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Can't afford to let complacency cruel the recovery - again

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Australians were led to believe that 2022 would be better than 2021 but this week’s

consumer confidence figures told a very different and very concerning story.

The worst January data since 1992 is the most recent and most obvious

consequence of a government which took credit for a recovery without taking

responsibility to actually secure it.

It’s another reminder that we can’t have a healthy economy, or a healthy recovery,

without healthy people to power it - and that mismanaging the pandemic response

is mismanaging the economy.

That’s why providing free rapid antigen tests is not only good health and social

policy, but good economic policy too. And why Medicare needs to be strengthened,

not undermined.

The Finance Minister of all people should understand this, but instead he describes

Labor’s policy of rapid tests provided through Medicare as “the worst thing you

could do”.

No, the worst thing you could do is let the virus rip without taking the necessary

steps to manage it.

The Morrison Government’s failure to do its job and supply enough rapid antigen

tests is inseparable from the disaster we are observing in supermarkets around the


A shortage of tests has meant a shortage of workers, and a shortage of workers

means a shortage of fresh food and other essentials.

This is despite multiple warnings since September last year from across the

community, from health professionals like the Australian Medical Association,

from aged care providers, from truck drivers and others.

The Productivity Commission warned the government in July 2021 to secure the

most vulnerable and sensitive supply chains in our economy.

That advice was ignored and now we don’t have enough workers to keep the

wheels of the economy turning.

Australians are prepared to do their jobs, but they need a Prime Minister

and a Treasurer prepared to do theirs.

This is not the first time the economic recovery has been cruelled or compromised

by the Morrison Government’s complacency.

There are at least four other occasions.

In the October 2020 Budget, Treasurer Frydenberg claimed we had entered the

“recovery phase”. But Victorians, still several months from the end of their first

lockdown, were forced to battle with the Morrison government for every cent of

economic support they needed.

Then, in December 2020, Frydenberg kept reassuring us all that the recovery

was “underway”, but the diabolically inadequate COVID Safe app, which still cost

Australians’ millions of dollars, could not trace and track the outbreaks that


Not even the outbreak in Sydney’s northern beaches confining people to their

homes over Christmas made the Morrison government heed warnings for purpose-built quarantine and to accelerate Australia’s vaccine rollout.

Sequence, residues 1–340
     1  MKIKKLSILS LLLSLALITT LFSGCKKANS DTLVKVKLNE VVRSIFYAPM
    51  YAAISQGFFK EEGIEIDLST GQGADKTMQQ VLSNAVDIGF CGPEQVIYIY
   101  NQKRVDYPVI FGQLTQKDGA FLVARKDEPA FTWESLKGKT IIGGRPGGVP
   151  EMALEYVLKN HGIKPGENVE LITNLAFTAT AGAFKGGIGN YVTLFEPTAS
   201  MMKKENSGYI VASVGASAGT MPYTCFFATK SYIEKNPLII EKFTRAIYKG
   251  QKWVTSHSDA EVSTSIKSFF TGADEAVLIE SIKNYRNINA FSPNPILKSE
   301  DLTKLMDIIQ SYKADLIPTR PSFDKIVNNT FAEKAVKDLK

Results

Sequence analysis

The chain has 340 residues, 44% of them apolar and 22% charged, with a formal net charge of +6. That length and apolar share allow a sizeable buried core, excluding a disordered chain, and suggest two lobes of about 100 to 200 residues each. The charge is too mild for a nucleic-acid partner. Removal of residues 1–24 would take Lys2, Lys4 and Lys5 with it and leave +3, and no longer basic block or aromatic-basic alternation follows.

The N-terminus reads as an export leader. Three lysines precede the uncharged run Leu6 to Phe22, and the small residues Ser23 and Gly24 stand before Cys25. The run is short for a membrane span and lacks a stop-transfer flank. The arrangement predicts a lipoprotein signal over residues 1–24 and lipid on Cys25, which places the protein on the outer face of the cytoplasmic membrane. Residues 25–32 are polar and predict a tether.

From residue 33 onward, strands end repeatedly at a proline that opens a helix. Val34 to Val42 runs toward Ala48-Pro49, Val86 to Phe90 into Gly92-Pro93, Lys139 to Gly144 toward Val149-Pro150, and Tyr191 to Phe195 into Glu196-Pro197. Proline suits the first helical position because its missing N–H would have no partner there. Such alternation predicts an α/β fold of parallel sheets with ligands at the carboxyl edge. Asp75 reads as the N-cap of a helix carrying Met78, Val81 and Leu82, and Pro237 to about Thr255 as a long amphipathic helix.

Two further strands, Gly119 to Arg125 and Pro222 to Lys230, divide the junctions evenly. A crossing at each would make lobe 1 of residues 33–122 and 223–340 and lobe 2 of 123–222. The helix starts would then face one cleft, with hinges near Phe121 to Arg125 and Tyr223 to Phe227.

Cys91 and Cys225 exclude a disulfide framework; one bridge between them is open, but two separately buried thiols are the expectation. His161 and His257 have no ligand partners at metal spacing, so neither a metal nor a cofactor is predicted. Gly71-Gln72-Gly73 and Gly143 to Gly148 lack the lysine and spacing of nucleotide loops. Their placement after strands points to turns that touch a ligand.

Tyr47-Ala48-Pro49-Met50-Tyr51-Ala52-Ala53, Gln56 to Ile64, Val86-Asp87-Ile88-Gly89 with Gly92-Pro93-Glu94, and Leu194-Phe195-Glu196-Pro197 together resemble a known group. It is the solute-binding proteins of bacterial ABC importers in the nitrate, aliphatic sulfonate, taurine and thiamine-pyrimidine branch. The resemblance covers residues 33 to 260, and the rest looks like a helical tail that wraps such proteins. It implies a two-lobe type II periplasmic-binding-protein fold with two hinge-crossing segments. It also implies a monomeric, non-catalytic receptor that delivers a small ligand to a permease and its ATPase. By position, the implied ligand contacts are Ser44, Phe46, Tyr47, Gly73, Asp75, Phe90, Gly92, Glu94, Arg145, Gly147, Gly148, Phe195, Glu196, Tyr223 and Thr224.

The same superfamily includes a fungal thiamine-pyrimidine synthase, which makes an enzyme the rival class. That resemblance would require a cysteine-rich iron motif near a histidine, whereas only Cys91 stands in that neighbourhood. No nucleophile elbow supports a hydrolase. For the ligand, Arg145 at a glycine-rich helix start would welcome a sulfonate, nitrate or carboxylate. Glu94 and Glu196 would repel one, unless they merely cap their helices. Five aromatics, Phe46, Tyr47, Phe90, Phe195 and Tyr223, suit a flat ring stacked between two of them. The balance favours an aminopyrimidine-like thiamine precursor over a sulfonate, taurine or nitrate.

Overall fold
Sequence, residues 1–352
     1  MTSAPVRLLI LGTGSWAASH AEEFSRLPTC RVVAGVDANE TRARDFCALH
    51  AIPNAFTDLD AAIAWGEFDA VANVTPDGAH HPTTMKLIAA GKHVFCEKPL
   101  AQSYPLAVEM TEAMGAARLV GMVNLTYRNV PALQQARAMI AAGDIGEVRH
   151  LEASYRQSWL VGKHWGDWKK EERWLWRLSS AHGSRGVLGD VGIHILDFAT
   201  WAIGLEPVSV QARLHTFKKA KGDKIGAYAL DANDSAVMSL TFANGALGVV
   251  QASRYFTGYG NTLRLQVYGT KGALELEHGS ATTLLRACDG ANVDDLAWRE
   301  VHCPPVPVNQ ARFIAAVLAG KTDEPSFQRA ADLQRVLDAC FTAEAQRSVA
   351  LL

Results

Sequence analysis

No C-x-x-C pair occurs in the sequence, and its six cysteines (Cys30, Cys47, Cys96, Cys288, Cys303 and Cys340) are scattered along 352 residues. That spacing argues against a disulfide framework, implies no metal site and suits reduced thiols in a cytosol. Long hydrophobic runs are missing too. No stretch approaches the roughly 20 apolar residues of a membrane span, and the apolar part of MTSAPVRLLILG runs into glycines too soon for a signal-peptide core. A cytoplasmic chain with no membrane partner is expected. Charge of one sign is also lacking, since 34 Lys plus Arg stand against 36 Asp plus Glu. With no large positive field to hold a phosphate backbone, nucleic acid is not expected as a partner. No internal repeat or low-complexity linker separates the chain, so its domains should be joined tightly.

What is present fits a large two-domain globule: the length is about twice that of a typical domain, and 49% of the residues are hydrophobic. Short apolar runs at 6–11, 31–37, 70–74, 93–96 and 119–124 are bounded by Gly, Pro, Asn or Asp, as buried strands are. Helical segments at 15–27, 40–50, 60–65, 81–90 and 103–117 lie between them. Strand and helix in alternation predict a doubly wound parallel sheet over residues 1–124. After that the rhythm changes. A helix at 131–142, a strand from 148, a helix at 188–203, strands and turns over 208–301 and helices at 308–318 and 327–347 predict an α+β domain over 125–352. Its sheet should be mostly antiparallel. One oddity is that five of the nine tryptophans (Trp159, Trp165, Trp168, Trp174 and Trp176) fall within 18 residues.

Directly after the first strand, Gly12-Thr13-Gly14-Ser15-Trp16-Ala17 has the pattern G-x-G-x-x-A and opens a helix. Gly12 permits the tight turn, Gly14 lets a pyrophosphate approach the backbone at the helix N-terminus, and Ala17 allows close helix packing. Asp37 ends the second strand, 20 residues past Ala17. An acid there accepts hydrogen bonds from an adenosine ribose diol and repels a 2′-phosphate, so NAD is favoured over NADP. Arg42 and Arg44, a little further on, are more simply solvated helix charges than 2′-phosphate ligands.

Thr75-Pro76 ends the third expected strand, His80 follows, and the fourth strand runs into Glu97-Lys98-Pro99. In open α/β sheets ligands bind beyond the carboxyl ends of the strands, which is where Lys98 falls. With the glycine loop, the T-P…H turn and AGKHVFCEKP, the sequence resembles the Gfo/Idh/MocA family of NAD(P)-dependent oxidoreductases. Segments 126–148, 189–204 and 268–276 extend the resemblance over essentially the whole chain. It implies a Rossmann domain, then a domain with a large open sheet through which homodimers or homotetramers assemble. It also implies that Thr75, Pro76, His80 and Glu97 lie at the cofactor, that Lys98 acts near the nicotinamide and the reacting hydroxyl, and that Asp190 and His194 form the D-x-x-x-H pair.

By March 2021, the Government was withdrawing JobKeeper well before the end

of the crisis and despite falling over 3 million doses short of their vaccine

targets. In the following month, according to Treasury, around 56,000 Australians

lost jobs as a consequence.

But this didn’t stop the Treasurer from promising Australians at Budget

time, in May 2021, that the economy was “well on the road to recovery”, right

before around 60 per cent of the nation was plunged back into lockdown for

months, because the government had still failed to listen to warnings

about vaccines and purpose-built quarantine.

Almost 360,000 people lost their jobs at the height of the Delta wave and the

economy bled billions of dollars a week in lost activity.

These fiascos caused the third biggest economic downturn on record, in the

September quarter, one of the worst results in the developed world.

But there he was again as part of his Mid-Year Budget Update in December last

year boasting that the economy was “primed for lift-off” and that Omicron

was not going to “stop the momentum”.

Instead, again, it has been held hostage to Morrison and Frydenberg’s failures, this

time on rapid antigen tests.

Now we have the highest case numbers on record; empty supermarket shelves;

confidence and spending plummeting; hundreds of thousands of Australians sick;

even more isolating and at risk.

How many times is Josh Frydenberg going to get it so wrong before he gets it


How many more false dawns and missteps and premature victory laps?

We want and expect a strong economic recovery.

But that recovery would be stronger had it not been held back by so many of the

mistakes made managing this pandemic. And stronger with a government which

takes responsibility for securing the recovery and not just credit for forecasting it.

This opinion piece was published in The Australian Financial Review on Monday, 24 January